“The Russian Federation not only plays a key role in maintaining peace and stability in our region but also occupies a central place in our country’s economy,” Pashinian said in an address to a Russian-Armenian interregional conference held in Yerevan.
“We need to improve our economic relations in a way that will foster the development of competitive industries in our countries,” he told government officials and businesspeople from the two states attending the forum. “In this context, we regard as important further mutual integration of our economies, which must be based on a free movement of goods, services, labor and capital. The [Russian-led] Eurasian Economic Union serves this strategic goal.”
Bilateral commercial ties should be diversified to cover knowledge-based sectors of the Russian and Armenian economies, added Pashinian.
According to Armenian government data, Russian-Armenian trade rose by almost 12 percent in the first eight months of this year, to $1.54 billion, after shrinking by 4 percent in 2020 due to the coronavirus pandemic. Russia thus remained Armenia’s number one trading partner, accounting for about 31 percent of its overall foreign trade, compared with the European Union’s 20.2 percent share in the total.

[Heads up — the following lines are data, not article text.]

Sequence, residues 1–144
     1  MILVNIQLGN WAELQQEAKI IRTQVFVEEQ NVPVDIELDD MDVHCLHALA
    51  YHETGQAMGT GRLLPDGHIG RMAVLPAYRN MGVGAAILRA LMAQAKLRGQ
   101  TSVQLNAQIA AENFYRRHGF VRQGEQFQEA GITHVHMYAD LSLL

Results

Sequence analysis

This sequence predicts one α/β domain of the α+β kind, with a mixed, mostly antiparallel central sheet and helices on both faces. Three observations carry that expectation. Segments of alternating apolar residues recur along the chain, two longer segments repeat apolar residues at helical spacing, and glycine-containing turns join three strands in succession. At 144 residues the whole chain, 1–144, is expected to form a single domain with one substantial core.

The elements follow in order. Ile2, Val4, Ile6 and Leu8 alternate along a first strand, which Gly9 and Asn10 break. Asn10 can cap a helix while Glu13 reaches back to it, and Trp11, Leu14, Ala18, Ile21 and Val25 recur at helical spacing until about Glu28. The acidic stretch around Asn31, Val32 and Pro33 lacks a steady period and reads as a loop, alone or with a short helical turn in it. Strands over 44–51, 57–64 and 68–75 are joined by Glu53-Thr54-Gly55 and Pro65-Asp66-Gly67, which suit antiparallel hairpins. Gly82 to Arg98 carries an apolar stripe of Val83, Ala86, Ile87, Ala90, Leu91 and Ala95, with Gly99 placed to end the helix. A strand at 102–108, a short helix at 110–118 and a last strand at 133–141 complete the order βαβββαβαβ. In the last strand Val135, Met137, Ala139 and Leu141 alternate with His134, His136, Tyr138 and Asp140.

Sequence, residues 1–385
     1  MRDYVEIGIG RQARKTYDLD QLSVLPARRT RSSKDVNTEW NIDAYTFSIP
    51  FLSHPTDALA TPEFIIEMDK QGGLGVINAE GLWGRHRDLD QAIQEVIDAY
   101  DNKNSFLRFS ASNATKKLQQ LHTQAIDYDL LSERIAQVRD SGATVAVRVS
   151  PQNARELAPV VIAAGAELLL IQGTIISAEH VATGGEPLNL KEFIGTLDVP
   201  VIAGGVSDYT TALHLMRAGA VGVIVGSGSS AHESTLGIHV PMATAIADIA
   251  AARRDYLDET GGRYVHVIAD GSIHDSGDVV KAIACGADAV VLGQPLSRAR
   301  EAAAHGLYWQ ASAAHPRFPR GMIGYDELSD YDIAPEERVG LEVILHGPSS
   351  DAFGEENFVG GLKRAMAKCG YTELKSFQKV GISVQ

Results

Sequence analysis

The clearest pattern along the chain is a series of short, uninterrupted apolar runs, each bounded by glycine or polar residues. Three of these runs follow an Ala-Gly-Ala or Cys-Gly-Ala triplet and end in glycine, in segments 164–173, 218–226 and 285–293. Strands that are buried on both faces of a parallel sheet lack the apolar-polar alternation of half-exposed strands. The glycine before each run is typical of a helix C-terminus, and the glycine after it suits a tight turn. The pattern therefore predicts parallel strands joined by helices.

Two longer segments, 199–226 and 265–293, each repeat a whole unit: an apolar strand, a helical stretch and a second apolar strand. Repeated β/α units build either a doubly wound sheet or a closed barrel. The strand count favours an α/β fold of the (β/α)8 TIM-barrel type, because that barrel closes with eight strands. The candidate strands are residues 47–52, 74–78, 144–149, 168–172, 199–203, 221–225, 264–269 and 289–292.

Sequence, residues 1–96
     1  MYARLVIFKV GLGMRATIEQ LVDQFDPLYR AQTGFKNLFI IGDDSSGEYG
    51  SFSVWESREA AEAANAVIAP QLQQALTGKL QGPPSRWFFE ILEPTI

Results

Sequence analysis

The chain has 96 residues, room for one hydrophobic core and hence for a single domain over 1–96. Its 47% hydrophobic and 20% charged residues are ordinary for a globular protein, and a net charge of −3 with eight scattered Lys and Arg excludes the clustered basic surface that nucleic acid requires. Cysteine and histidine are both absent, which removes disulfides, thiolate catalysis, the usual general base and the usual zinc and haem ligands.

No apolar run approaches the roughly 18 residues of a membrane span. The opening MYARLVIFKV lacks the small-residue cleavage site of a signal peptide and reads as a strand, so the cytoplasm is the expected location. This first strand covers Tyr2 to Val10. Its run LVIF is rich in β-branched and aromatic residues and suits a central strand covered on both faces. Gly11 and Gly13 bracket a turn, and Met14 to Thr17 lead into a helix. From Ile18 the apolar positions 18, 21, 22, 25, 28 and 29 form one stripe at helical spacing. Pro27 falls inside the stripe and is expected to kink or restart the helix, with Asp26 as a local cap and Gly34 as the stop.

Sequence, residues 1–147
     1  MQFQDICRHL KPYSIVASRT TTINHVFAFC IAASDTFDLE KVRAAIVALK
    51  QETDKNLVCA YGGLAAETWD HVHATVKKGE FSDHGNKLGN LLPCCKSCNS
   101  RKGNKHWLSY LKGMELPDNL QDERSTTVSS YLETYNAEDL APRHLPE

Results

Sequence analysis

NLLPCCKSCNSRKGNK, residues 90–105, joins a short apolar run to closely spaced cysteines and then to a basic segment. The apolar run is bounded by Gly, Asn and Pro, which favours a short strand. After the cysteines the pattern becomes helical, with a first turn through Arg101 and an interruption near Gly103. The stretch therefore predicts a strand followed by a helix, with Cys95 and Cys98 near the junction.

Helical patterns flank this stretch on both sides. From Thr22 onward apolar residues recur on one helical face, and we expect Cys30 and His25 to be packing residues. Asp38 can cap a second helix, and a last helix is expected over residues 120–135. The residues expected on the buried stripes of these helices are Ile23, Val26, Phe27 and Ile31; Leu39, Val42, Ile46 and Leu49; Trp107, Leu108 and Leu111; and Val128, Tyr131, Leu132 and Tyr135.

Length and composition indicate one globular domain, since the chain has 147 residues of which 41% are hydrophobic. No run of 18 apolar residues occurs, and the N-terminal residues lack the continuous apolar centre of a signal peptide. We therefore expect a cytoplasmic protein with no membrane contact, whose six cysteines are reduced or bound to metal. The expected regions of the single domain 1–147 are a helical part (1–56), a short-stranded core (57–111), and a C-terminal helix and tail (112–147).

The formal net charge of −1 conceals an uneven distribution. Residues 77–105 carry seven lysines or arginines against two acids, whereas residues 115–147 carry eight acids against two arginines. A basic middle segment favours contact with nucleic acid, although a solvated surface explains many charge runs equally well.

Russia’s Deputy Minister for Economic Development Dmitry Volvach hailed the renewed growth in bilateral trade when he spoke with journalists during the Yerevan forum.
Russian companies plan to invest $1 billion in the Armenian economy “in the near future,” the Armenpress news agency quoted Volvach as saying. He said the investments will be channeled into energy, transport and other infrastructures.
Speaking at a recent Russian-Armenian business forum in Yerevan, Russian-Armenian billionaire Samvel Karapetian said his Moscow-based Tashir Group will invest up to $600 million in the Armenian energy sector in the coming years.
Tashir owns the South Caucasus country’s electricity distribution network, largest thermal-power plant and second most important hydroelectric complex.